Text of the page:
A newly published Norwegian report investigating accessibility and quality of care for the elderly found that decision officers often lacked relevant information about a patient’s functioning, wishes and needs when making care decisions, resulting in poorly justified decisions.52 Further, sometimes, decisions seem to have been affected by the decision officers’ personal factors; so decisions could vary within municipalities and between different municipalities. This supports our finding that there are differences among municipalities in the allocation of primary healthcare services, something that is potentially inconsistent with the hallmark of the Norwegian welfare state: equal rights to welfare benefits.
Pressure on healthcare services
A new report of Norwegian hospitals stated that approximately 46 000 patients were overstaying for at least 24 hours after being assessed as ready for discharge in 2018.54 This was an increase of 5000 patients from 2017, indicating that overstays remain an ongoing national problem. This problem, which places even more pressure on wards, is also described in our results.
Despite the increased patient load in the municipalities, there has been a minimal increase in primary care resources.55 With this in mind, it can be questioned if the pressure on primary healthcare service resources is clouding the assessment on post hospital discharge care, implying incorrect care assessments and consequently more hospital readmissions. Nevertheless, the results of this study describe a complex web of interacting elements in the two healthcare services, caused mainly by the regulations of the Coordination reform. This has some identified undesirable consequences for both the primary healthcare service and the hospital (figure 2).
Communication between healthcare services
The information exchange system between the primary and secondary healthcare services was fragile, especially for nursing home patients. Previous research supports these findings, reporting poor routines in forwarding information to nursing home physicians.56 Consistent with existing literature, the physicians in our study believed that poor communication could lead to hospital readmissions.57 58 The hospital physicians believed that a common documentation system could resolve these difficulties. Such a system has shown to improve the quality of care and access to clinical information, decrease healthcare costs and reduce hospital readmissions,59 60 or physicians believe it has this effect.7 61 In 2015, the National Network for Implementation of the Coordination reform recommended a common documentation system.41 Although it has been a governmental goal since 2012,62 as of 2019, most hospitals still do not have it.42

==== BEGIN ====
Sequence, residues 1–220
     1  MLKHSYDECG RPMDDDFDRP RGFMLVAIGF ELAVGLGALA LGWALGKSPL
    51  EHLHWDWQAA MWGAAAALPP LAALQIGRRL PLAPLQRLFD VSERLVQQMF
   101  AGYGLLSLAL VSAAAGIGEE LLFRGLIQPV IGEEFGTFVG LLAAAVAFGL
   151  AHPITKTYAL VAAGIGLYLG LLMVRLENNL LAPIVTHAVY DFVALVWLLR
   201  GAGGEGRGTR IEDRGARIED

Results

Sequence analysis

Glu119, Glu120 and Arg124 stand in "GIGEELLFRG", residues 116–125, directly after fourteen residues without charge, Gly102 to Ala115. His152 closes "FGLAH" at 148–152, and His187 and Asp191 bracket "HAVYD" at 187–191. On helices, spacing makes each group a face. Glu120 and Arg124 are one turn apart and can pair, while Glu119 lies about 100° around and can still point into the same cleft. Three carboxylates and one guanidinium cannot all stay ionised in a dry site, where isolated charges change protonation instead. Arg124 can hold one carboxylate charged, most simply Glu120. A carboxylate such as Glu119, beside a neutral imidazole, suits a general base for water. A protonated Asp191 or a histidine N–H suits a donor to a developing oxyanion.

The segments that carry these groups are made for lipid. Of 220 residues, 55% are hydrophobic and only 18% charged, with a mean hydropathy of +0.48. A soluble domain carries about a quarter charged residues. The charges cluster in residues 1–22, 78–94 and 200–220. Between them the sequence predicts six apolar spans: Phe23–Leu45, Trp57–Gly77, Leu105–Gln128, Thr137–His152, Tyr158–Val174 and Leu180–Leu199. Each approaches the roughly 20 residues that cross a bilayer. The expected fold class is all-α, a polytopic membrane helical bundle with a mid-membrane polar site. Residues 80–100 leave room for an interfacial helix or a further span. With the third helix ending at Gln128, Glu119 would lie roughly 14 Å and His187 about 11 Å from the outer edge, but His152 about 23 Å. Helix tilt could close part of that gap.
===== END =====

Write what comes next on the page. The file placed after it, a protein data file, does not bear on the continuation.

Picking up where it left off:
Work as imagined and work as done
The Commissioners’ documents require hospitals to establish holistic care pathways, with a clear distribution of tasks between healthcare services. In order to achieve this, close cooperation between all the relevant parties (patient, hospital and the primary healthcare service) is encouraged. However, according to our results, changes have not been made in the system that might fulfil these requirements. For example, there continues to be a lack of communication tools, a lack of a common documentation system and insufficient time for cooperation. This indicates a gap between the requirements of the Commissioners’ documents and the current work practice.
This gap is closely related to the terms work-as-imagined (WAI) and work-as-done (WAD) in the resilience healthcare literature.63 Hollnagel64 describes WAI as an idealised view of how tasks should be performed in a system, where there is an assumption that work tasks can be completely analysed and prescribed, as, for example, has been done in the Commissioners’ documents. However, in reality, where the tasks are being performed, conditions are constantly changing (eg, in workload), creating a discrepancy between the WAI and WAD.64 In relation to the Commissioners’ documents, the results from the current study suggest that the context in which care decisions are made has not been considered. This could be related to an exclusion of healthcare workers from the formulation of these requirements. Similar gaps can also be seen in the Coordination reform, the main goals of which have shown difficult to fulfil and where there have been unforeseen consequences of organisational changes. Figure 2 illustrates the WAD in accordance with our results, and figure 3 depicts the WAI according to the aims of the Coordination reform, demonstrating the complexity of the WAD compared with the WAI in a small cross section of the Norwegian healthcare system. A possible way to close the gap between the WAI and WAD could be to invite more health personnel to contribute to the development of such requirements. We believe that such an approach may lead to requirements that are closer to practice and to the possibility of adjusting practice (eg, providing better tools) to meet the requirements.